FOR ANYONE who wishes to play music on the instruments for which it was composed, the right trumpet is of paramount importance. Indeed, some conductors, such as Sir Charles Mackerras, when conducting 18th-century music, will insist on classical (period instrument) trumpets for the sound they make.
The trumpet played a major part in grand ceremonies in the 16th and 17th centuries. Some kings had bands of trumpet-players for such use. One of the biggest centres for trumpets and players was Nuremberg in Germany. Sometimes trumpet-players formed themselves into guilds, which would protect their privileges as players and frequently made playing the trumpet for public occasions a hereditary right: son succeeded father. Trumpets were used in churches as well as in courts.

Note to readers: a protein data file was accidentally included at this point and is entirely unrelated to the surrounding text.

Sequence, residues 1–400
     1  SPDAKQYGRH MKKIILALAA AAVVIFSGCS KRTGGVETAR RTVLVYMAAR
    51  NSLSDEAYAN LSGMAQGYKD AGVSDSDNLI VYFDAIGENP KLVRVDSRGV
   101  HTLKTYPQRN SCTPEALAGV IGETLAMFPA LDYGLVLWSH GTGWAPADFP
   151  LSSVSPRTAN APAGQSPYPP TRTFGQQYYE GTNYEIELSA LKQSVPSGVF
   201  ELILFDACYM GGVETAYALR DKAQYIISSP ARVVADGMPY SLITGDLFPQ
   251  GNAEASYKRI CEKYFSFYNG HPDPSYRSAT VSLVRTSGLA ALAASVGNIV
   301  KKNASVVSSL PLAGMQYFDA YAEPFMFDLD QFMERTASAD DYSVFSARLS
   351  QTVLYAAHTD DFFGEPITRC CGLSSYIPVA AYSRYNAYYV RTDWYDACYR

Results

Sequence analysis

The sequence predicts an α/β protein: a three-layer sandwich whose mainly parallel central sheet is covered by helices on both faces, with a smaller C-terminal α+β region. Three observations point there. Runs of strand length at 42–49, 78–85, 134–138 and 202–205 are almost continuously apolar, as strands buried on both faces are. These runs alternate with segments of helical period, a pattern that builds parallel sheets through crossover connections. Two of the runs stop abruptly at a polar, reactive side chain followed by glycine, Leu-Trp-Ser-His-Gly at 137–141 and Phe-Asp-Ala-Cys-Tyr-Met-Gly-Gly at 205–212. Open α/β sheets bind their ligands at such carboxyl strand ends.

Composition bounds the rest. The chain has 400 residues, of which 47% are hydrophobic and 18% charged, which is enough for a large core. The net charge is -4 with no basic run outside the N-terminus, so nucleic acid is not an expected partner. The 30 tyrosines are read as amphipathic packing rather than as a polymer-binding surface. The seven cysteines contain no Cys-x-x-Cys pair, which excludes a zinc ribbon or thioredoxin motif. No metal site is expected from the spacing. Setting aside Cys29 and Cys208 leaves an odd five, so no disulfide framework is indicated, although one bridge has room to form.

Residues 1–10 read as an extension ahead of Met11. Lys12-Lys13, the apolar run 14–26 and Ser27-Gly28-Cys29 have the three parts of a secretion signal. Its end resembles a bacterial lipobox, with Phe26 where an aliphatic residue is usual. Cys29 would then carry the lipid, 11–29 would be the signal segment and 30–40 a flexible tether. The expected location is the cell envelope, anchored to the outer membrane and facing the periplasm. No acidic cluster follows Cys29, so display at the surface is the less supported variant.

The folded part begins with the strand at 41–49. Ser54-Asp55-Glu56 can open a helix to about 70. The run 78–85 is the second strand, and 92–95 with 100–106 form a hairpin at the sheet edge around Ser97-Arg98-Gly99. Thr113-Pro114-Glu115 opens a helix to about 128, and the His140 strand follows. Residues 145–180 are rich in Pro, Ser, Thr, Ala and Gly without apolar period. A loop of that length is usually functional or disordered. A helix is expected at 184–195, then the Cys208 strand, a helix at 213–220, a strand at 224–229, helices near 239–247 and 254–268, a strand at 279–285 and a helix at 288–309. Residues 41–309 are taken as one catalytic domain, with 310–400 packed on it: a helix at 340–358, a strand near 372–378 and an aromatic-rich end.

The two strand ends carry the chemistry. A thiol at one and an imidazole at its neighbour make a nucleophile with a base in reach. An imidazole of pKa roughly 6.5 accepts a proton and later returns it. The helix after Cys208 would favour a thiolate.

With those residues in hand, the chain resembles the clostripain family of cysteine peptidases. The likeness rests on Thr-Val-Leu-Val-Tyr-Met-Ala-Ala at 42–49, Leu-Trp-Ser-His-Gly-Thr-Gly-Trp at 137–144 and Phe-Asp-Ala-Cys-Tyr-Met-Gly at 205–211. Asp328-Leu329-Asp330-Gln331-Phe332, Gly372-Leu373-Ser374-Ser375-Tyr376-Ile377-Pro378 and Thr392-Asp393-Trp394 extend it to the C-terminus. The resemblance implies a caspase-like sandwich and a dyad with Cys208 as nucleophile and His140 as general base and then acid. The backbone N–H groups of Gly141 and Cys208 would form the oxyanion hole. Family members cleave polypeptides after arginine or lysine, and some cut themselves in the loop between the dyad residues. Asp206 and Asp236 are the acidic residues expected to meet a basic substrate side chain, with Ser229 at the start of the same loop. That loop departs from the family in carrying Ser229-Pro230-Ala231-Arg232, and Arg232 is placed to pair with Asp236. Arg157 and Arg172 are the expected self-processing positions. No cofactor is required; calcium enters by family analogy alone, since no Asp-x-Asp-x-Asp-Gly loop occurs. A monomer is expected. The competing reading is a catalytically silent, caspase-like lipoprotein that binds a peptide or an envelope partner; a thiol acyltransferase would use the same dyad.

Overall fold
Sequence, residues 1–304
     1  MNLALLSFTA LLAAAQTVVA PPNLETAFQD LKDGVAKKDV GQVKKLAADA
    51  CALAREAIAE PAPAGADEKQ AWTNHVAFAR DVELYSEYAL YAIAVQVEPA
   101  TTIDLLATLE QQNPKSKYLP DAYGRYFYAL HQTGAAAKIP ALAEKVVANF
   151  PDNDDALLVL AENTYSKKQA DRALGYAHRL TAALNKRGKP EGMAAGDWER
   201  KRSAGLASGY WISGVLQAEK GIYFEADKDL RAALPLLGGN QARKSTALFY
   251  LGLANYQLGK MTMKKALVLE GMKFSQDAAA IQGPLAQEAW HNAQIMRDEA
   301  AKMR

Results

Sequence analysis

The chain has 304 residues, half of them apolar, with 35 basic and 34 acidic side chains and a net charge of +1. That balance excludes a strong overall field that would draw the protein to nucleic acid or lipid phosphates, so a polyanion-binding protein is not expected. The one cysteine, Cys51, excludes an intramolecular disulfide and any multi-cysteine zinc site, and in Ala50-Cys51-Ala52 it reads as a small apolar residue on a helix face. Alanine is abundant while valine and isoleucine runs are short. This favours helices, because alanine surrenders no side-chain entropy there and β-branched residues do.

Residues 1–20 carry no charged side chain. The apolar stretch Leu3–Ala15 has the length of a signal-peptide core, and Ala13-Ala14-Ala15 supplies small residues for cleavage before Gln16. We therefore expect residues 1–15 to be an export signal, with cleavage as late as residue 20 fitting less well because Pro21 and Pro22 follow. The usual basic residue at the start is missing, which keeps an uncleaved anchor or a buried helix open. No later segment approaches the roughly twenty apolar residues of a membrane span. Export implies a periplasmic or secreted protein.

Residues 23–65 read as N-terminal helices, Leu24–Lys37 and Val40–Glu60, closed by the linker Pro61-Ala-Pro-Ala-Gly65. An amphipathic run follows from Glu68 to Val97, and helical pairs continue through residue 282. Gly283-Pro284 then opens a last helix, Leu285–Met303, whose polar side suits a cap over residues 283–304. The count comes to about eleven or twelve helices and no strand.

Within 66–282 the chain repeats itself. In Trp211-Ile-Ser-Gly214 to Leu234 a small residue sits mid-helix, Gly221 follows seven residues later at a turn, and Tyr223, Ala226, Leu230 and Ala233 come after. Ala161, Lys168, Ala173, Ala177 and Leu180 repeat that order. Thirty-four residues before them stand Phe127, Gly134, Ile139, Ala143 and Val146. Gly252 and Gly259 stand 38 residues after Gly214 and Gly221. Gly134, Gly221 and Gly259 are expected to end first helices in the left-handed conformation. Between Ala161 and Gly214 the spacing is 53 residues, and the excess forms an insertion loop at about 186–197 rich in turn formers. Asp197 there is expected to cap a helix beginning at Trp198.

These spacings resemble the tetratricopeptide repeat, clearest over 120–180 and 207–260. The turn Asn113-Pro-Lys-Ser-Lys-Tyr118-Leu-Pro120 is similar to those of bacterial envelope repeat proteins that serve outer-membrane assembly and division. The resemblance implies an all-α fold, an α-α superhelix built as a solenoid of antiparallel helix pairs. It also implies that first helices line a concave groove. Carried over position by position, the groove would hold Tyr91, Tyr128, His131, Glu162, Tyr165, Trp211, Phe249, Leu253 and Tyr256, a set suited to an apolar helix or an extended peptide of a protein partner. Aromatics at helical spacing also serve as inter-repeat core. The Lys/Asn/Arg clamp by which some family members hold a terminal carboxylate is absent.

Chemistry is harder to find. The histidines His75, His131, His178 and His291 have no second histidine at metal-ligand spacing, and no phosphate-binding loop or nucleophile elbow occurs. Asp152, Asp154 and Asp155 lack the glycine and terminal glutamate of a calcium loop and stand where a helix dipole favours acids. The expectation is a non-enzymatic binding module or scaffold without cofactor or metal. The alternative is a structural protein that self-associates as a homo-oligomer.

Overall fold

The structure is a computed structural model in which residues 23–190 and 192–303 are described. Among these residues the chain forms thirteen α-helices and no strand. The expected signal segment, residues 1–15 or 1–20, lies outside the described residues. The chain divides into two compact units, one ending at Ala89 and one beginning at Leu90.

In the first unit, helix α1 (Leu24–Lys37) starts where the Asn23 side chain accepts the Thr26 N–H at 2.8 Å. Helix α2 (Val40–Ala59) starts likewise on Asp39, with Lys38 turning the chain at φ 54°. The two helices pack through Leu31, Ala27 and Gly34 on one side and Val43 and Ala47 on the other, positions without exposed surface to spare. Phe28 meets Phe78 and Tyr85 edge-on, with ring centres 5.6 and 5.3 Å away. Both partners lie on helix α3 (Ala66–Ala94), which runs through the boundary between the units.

The modern violin concerto is in part descended from Italian trumpet concertos, particularly in Bologna and Venice (compare the similar figuration Vivaldi uses for his two-trumpet concerto with his violin concertos). Bach composed his Brandenburg Concertos, and some cantatas, with the court trumpet-player of Anhalt-Cöthen in mind. He also married the trumpet-player’s daughter, Anna Magdalena, after his first wife died.